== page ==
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Production of titanium deposits by Cold Gas Dynamic Spray (May 2005)

   

T. Marrocco, D.G. McCartney, P.H. Shipway, Nottingham/UK
A.J. Sturgeon, Cambridge/UK

Paper presented at International Thermal Spray Conference 2-4 May 2005, Basel, Switzerland.

Over the past five years, interest in cold gas dynamic spraying (CGDS) has increased substantially. Considerable effort has been devoted to process development and optimization for low melting point metals such as copper and aluminium. This paper will describe work undertaken to expand the understanding of deposition of titanium by cold spray methods. CGDS deposits have been produced from commercially pure Ti. Using room temperature helium gas, a range of processing conditions, powder size ranges, substrates and substrate preparation methods have been employed to study their impact on deposition of powders. Scanning electron microscopy has been employed to examine deposit microstructures, and microhardness testing of deposits has been conducted. Samples for pull-off bond strength test have been prepared from a number of the more promising sets of parameters and adhesive strengths have been determined. Computational estimates of gas velocity and in-flight particle velocity have been made focusing specifically on the influence that these factors have on the process deposition efficiency. Differences will be discussed in terms of powder feedstock characteristics and the underlying physical and mechanical properties of the powders and substrates.

1. Introduction

Cold gas dynamic spray (CGDS) is a coating technology, in which powder particles in the solid state are accelerated to impact with a substrate by a supersonic gas jet. The principle of particle acceleration is well described by the adiabatic expansion of an isentropic 1-dimension flow through a de Laval-type nozzle carrying the powder particles. [1,2] In this way, coating formation is provided via particle impact at high velocity (300 to 1200 m/s) and a temperature much below the melting point of the starting powder (ambient temperature to 700°C) and bonding occurs dueto rapid and significant deformation under high pressures. [3] It has been reported that many metals such as Cu, Al, Ni, Ti and Ni-based alloys, and even cermets and ceramics can be deposited by cold spraying onto a wide range of substrates. [4,8]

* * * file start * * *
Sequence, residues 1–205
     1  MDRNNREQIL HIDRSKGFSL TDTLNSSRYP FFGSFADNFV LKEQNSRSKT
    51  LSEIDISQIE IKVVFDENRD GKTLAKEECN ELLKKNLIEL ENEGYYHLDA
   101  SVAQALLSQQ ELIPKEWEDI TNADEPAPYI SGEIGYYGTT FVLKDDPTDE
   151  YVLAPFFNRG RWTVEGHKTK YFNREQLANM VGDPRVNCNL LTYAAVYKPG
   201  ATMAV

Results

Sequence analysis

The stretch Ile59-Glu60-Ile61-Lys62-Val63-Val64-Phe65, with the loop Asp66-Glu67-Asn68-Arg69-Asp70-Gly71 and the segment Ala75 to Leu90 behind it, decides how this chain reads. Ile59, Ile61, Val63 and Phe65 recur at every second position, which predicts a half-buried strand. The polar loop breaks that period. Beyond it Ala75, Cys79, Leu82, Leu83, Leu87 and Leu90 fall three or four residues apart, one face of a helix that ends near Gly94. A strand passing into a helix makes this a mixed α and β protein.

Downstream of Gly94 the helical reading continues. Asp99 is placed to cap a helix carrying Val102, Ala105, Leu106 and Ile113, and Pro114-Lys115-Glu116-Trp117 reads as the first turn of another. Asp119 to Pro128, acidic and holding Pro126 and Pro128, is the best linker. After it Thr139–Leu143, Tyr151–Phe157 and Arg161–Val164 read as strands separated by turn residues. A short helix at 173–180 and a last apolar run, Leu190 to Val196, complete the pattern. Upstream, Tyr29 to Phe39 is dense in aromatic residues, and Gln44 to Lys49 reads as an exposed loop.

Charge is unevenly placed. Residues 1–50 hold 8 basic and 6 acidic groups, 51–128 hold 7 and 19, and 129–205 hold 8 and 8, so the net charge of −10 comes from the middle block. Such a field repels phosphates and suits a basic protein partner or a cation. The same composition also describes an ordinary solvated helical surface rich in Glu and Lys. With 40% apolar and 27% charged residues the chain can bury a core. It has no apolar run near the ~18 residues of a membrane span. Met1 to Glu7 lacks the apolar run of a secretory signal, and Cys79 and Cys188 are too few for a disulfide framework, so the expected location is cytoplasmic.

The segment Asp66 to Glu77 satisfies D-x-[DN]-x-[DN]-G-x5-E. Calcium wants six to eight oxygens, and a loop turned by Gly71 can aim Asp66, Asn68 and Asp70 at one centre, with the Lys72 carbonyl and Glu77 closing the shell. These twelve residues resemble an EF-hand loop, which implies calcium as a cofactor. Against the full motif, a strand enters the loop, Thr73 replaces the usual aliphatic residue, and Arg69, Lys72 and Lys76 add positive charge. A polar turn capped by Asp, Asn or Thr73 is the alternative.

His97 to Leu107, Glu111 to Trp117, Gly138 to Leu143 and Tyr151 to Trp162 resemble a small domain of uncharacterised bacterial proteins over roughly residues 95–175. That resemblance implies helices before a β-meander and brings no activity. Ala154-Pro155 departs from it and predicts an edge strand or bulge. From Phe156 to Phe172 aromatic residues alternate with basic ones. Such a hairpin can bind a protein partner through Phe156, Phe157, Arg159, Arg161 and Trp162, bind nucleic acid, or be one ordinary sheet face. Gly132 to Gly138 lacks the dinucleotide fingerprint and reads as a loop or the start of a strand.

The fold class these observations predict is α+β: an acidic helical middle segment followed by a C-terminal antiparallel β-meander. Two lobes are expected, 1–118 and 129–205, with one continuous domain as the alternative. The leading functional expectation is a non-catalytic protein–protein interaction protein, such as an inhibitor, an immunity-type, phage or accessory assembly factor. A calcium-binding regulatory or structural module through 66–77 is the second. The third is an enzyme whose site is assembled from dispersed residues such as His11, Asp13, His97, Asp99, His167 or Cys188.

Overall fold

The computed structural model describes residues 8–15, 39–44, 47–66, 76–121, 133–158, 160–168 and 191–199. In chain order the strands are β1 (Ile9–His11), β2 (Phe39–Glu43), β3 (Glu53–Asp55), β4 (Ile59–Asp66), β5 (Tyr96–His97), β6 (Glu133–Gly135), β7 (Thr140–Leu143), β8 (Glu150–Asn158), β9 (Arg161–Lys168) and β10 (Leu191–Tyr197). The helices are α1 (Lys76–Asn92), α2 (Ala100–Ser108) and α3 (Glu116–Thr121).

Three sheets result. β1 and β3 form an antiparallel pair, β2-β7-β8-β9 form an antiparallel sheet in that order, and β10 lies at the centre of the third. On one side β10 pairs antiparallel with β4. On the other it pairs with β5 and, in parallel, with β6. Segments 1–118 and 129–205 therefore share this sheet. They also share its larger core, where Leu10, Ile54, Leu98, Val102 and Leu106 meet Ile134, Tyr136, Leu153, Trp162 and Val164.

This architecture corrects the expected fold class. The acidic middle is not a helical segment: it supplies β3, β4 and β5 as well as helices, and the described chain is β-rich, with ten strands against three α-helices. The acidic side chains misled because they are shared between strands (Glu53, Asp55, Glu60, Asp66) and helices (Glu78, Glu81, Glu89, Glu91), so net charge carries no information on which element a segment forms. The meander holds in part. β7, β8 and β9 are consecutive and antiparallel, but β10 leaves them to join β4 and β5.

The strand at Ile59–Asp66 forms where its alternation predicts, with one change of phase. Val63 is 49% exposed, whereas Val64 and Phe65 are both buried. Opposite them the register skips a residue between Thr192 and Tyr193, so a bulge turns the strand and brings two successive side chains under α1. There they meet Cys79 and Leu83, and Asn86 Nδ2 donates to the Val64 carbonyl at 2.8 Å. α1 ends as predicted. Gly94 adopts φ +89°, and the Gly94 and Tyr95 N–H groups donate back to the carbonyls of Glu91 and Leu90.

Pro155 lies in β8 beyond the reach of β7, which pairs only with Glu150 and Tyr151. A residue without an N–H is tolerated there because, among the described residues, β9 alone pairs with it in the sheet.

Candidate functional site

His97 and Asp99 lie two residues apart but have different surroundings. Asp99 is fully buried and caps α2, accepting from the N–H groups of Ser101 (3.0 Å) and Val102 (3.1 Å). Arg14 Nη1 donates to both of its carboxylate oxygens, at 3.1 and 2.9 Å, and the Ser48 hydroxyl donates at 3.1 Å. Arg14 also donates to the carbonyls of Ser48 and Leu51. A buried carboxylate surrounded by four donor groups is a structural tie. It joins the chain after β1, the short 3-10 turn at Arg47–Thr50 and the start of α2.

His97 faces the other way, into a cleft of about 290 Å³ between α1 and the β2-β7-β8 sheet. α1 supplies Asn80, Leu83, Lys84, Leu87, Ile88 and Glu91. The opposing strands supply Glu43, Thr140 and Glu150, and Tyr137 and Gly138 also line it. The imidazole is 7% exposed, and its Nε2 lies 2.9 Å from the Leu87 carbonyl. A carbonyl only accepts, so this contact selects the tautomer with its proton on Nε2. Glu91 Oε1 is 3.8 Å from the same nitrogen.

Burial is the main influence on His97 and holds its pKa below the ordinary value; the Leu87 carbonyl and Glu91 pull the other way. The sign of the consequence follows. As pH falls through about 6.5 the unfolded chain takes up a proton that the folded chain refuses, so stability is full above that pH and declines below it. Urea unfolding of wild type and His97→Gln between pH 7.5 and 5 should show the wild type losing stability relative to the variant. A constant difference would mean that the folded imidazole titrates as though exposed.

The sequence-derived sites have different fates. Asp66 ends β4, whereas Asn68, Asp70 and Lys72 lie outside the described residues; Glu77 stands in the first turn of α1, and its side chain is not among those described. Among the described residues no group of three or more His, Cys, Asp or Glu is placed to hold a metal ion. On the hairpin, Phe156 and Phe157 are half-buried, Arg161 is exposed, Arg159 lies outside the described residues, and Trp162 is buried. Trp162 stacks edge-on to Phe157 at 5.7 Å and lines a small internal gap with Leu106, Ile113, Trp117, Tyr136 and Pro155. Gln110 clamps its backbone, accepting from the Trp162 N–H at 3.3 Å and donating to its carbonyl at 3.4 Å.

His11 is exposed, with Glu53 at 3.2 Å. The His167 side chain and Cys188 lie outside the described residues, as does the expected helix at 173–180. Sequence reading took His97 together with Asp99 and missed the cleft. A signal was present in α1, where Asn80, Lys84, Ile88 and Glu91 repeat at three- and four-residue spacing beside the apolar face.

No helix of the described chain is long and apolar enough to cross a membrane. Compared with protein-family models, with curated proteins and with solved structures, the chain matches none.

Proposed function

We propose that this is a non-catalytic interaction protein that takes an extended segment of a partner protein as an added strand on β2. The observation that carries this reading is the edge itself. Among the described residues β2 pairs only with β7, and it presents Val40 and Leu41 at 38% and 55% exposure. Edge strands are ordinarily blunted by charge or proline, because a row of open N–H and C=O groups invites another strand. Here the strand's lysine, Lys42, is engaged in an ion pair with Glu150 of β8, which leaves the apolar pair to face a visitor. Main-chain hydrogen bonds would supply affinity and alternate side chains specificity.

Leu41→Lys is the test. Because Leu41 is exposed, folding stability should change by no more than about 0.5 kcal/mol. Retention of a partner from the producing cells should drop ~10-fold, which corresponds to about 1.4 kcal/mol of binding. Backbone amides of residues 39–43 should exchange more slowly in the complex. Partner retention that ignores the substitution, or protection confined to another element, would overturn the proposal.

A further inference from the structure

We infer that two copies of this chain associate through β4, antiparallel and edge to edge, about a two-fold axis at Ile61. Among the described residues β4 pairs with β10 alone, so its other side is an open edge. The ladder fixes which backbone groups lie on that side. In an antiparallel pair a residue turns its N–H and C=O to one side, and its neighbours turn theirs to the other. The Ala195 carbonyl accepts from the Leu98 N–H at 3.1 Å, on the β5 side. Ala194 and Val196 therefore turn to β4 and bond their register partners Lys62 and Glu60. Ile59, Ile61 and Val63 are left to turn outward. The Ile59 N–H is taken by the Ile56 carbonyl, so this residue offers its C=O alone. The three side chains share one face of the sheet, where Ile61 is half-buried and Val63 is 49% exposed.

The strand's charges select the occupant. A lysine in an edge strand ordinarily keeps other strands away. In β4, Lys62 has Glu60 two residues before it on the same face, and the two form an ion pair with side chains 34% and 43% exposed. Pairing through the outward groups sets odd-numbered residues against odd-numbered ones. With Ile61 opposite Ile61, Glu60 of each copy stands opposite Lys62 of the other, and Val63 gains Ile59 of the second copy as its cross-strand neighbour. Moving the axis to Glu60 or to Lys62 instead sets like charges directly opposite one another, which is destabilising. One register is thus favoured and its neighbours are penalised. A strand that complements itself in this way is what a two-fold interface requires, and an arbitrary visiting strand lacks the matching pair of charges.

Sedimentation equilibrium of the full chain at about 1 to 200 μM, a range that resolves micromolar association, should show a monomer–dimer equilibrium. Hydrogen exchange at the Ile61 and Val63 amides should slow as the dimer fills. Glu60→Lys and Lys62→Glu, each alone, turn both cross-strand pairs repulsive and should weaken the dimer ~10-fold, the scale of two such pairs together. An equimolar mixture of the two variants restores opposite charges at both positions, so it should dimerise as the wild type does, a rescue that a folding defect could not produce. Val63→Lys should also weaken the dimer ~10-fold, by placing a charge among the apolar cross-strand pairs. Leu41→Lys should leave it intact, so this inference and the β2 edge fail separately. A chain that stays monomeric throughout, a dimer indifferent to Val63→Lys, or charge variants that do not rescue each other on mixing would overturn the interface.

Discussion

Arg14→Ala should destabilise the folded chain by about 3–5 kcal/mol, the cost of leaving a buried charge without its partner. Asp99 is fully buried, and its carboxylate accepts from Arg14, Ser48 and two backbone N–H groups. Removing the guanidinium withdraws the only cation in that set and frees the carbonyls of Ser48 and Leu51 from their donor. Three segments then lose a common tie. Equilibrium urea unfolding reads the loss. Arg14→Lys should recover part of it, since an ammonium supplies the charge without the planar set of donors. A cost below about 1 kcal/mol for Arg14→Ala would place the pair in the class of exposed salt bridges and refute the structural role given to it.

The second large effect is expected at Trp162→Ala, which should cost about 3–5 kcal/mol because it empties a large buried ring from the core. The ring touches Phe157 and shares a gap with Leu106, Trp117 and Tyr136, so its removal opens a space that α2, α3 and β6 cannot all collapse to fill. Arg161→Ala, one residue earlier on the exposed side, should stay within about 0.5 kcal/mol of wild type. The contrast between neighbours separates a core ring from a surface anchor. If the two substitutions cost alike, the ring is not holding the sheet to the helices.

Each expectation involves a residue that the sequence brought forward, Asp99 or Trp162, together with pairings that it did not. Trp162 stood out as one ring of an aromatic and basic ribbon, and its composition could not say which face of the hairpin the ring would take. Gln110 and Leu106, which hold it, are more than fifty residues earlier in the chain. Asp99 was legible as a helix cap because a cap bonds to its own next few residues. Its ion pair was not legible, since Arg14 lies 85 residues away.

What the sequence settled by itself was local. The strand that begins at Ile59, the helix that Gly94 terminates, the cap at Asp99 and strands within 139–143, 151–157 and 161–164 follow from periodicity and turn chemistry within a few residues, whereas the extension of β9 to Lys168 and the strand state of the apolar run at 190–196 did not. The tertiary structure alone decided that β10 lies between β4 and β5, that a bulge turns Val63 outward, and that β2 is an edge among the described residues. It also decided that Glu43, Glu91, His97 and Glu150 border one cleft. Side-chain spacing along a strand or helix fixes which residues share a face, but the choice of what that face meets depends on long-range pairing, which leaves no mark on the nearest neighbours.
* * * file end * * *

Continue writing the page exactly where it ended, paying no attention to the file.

It is generally accepted that the sprayed material must exhibit a certain ductility to allow for shearing of the particle surfaces and subsequent cold welding. A number of previous studies suggested that the particle deposition behaviour is influenced most significantly by the particle velocity prior to impact with the substrate. Particle velocity is a function of the operating conditions including gas type, pressure and temperature, and materials properties, such as particle diameter, density, and morphology. [8,10] For a given material, successful deposition requires a certain minimum particle velocity or 'critical velocity', the value of which depends most significantly on the thermomechanical properties of the spray and also the substrate materials. [10,15] Below the critical velocity, impacting particles would only cause erosion of the substrate. In this sense, it has been proved that deposition efficiency of copper and titanium coatings increases as the gas pressure and temperature increases. [16]

Some workers have examined the role of substrate surface topography on the formation of bond between incoming particles and substrate. Tokarev [17] has suggested that particles impacting a substrate in cold spraying first activate the substrate by roughening it; only once this has occurred is a coating able to initiate and grow. It has also been established that with a greater roughening of the substrate surface (going from polished to blasted) deposition efficiency of both copper and titanium increases slightly. [16] Vicek et al. [18] have examined the impact of a range of powder types onto a range of substrate materials in cold spraying. They explained differences in the ability of particles to deposit in terms of the mechanical properties of the particles and substrate and the specific impulse of the impact. They have related bonding primarily to the relative ease of deformation of the substrate and particle, and concluded that if the particle was significantly more deformable than the substrate, then adhesion was not possible.